Social Media – Defining Boundaries

by Joanne Hyde, Partner and Head of the Employment Law Unit, Eversheds Sutherland Ireland

Businesses today find that social media use is no longer the exception, but rather the rule and that the benefits of using social media can be profound. However, as employees continue to embrace social media for both personal and work purposes, it has become increasingly important for employers to be aware of and manage the associated risks.

The recent Labour Court decision of William McCamley v Dublin Bus (2016) (the “Dublin Bus” case) highlighted the necessity of having a social media policy in place to anticipate and reduce the risks associated with such online activities. A comprehensive social media policy can protect a business and it is incumbent upon employers that a social media policy is distributed to employees so they know in advance what is expected of them.


This recent Dublin Bus case involved an employee who claimed he was harassed and victimised on grounds of race and religion by a co-worker via Facebook. An employer in this type of scenario (where an employee is harassed by another employee) can be held directly liable for such conduct. This is known as vicarious liability. A full defence is available to an employer if it can demonstrate that preventative measures were taken before the occurrence of the offending conduct.


The court in the Dublin Bus case concluded that taking action after the event and in response to a complaint does not satisfy the criteria required for the above defence for an employer.

The employer here had a policy against harassment and sexual harassment at work in place at the time. However, it did not contain a provision specifically directed at preventing harassment through the use of social media. Fortunately, there was a company rule in place which prohibited conduct “…prejudicial to the reputation and welfare of fellow employees.”

The court stated in its decision that although the company rule may not be an adequate substitute for a well-defined policy against the use of social media as an instrument of harassment, it was nonetheless a comprehensive provision directed at protecting employees. On that basis, the court found that the employer could avail of the above defence.

Lessons Learned – Priorities for a Strong Social Media Policy

This decision places a spotlight on the potential liability employers are open to and the necessity of having a strong and effective social media policy in place.

The permitted and prohibited uses of social media in the workplace should be clear to employees, both during and outside of work hours. In addition, it should be clear to employees that inappropriate use of social media may result in disciplinary action including possible termination of their employment.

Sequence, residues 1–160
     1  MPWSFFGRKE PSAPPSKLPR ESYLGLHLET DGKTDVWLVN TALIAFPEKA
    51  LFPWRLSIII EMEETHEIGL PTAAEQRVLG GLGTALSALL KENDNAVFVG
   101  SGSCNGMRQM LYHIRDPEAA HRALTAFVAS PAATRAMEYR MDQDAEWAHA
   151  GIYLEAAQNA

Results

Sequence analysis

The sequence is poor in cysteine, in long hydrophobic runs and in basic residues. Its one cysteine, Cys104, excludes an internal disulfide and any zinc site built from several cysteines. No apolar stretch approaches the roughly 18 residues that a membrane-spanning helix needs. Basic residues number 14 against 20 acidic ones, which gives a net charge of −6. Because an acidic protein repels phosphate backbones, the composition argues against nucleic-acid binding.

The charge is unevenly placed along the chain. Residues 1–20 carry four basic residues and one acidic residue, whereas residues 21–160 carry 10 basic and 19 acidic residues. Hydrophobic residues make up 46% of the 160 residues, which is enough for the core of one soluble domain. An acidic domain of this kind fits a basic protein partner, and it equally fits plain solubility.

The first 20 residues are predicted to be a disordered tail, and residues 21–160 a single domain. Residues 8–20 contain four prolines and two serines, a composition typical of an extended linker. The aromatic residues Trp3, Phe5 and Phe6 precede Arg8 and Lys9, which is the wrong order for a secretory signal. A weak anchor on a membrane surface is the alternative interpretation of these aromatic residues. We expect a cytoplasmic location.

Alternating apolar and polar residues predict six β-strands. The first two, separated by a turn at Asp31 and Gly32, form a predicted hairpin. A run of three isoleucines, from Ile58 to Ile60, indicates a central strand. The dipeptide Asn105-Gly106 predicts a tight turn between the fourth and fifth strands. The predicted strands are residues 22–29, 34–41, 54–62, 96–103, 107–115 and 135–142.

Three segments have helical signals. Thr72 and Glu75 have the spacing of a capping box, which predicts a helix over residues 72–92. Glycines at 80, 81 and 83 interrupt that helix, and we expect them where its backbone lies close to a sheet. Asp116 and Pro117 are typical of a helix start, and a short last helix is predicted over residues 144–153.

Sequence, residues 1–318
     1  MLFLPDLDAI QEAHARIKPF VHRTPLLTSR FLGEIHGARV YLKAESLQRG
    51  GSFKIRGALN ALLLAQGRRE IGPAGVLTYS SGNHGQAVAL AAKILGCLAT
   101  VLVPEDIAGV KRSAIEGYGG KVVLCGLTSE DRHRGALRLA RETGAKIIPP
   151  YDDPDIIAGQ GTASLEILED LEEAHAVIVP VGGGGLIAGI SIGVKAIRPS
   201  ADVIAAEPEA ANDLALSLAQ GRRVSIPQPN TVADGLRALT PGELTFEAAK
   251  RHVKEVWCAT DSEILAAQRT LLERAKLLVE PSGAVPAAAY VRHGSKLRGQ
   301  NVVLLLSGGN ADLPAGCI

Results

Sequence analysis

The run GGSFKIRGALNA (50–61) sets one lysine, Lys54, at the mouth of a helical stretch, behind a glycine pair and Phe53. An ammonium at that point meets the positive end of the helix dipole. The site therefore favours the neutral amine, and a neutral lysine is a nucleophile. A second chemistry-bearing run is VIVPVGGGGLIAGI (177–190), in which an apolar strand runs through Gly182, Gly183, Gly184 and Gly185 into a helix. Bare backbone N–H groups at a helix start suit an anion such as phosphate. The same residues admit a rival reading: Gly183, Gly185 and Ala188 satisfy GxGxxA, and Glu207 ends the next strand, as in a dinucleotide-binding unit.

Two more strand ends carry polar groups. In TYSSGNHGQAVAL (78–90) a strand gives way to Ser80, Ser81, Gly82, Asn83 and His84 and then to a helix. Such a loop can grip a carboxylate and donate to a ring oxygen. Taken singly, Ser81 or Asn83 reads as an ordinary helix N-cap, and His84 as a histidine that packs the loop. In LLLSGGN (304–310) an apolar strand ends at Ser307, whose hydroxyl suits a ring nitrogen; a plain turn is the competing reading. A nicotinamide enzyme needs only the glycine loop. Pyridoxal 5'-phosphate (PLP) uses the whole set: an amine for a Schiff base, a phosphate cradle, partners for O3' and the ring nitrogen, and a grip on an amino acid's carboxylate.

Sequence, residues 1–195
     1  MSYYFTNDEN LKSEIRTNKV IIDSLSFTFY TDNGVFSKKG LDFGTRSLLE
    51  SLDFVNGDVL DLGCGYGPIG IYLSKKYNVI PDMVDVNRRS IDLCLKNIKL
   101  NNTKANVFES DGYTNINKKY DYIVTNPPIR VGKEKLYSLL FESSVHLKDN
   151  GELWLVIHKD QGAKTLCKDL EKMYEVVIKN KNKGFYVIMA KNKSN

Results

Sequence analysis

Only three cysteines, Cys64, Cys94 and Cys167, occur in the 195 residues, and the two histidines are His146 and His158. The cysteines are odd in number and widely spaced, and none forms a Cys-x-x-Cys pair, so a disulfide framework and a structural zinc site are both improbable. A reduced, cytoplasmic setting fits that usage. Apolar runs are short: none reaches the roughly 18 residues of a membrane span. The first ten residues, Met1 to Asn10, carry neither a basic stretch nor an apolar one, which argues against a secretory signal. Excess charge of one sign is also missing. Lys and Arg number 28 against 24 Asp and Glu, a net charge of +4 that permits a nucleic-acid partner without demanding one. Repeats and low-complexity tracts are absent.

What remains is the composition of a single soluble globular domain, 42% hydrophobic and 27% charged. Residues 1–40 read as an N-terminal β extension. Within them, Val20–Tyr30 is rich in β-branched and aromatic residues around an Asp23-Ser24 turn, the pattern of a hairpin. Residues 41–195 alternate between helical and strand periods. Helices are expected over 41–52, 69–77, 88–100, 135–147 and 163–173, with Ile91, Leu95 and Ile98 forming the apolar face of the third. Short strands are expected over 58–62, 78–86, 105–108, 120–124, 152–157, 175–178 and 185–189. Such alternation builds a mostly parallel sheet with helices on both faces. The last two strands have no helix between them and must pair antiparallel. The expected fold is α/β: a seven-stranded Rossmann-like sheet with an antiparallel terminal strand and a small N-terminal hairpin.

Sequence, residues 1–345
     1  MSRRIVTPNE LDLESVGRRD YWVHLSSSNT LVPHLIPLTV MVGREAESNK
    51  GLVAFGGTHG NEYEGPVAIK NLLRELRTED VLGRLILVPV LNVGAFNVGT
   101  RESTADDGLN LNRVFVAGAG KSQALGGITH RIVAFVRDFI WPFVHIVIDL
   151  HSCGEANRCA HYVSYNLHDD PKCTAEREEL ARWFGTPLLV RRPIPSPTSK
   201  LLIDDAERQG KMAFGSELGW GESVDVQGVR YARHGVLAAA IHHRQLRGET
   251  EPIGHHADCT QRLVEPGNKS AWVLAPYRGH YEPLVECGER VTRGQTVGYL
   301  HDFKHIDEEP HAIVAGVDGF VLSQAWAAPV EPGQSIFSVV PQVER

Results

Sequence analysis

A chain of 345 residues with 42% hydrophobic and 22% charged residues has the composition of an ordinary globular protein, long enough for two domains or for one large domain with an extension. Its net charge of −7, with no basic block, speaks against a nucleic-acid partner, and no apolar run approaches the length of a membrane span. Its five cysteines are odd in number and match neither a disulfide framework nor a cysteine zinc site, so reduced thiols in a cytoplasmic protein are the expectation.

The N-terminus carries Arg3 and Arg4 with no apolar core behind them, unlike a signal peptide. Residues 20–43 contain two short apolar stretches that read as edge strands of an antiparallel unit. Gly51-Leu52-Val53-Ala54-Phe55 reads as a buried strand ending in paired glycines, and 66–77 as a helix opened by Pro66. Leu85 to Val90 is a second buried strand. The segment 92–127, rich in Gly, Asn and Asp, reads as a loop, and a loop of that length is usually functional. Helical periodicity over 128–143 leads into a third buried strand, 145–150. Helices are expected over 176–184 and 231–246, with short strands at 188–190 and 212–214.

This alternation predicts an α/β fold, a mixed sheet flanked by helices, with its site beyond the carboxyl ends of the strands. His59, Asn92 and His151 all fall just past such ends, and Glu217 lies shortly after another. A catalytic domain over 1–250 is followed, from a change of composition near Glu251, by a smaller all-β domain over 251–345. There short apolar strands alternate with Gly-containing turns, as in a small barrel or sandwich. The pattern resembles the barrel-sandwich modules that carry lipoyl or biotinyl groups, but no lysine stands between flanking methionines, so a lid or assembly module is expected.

In order to create a strong and effective social media policy, the following priorities are useful to keep in mind:

1.Clarify the distinction between an employee’s personal use of social media and his/her use of social media in a professional forum;

2.Communicate to employees why a social media policy is required and the potential risks that exist with the use of social media in their personal capacity, for example, the unintentional release of confidential information;

3.Clarify the types of social media that employees can engage with during working hours, if any, and the appropriate times for them to do so i.e. lunchtime and breaks;

4.Clarify the limitations on an employee’s use of social media outside of working hours (i.e. before 9.00am and after 5.30pm) where that use impacts on the employer, the workplace, other employees, products, customers, suppliers or competitors;

5.Outline the prohibited uses of social media at any time, in particular conduct which may constitute unlawful discrimination, defamation, bullying or harassment, for example, derogatory remarks regarding a co-worker or customer;

6.Remind employees of their responsibilities regarding confidentiality, intellectual property, privacy, copyright and plagiarism;

7.Remind employees of the importance to preserve any relevant social media content where there is an investigation concerning a work colleague and to provide their employer with reasonable access to that content; and

8.Clarify to employees that there can be no expectation of privacy with respect to the use of company property i.e. that the employer has permission to access, remove or delete prohibited content on company property when required.

About the author 

Joanne Hyde is a Partner and Head of Employment Law at Eversheds Sutherland Ireland. She is also Head of the Commerical department. Joanne is a pragmatic and business focused employment lawyer. Her experience as in-house employment lawyer for Intel Corporation, one of Ireland’s leading multi-national employers has given her a strong insight into the HR concerns and complexities facing clients. In addition, Joanne has many years’ experience advising both international and indigenous clients on a wide range of employment and industrial relations issues. Her comprehensive experience includes advising on employment law challenges arising from commercial transactions, employment disputes and litigation as well as providing strategic and proactive advice on HR issues.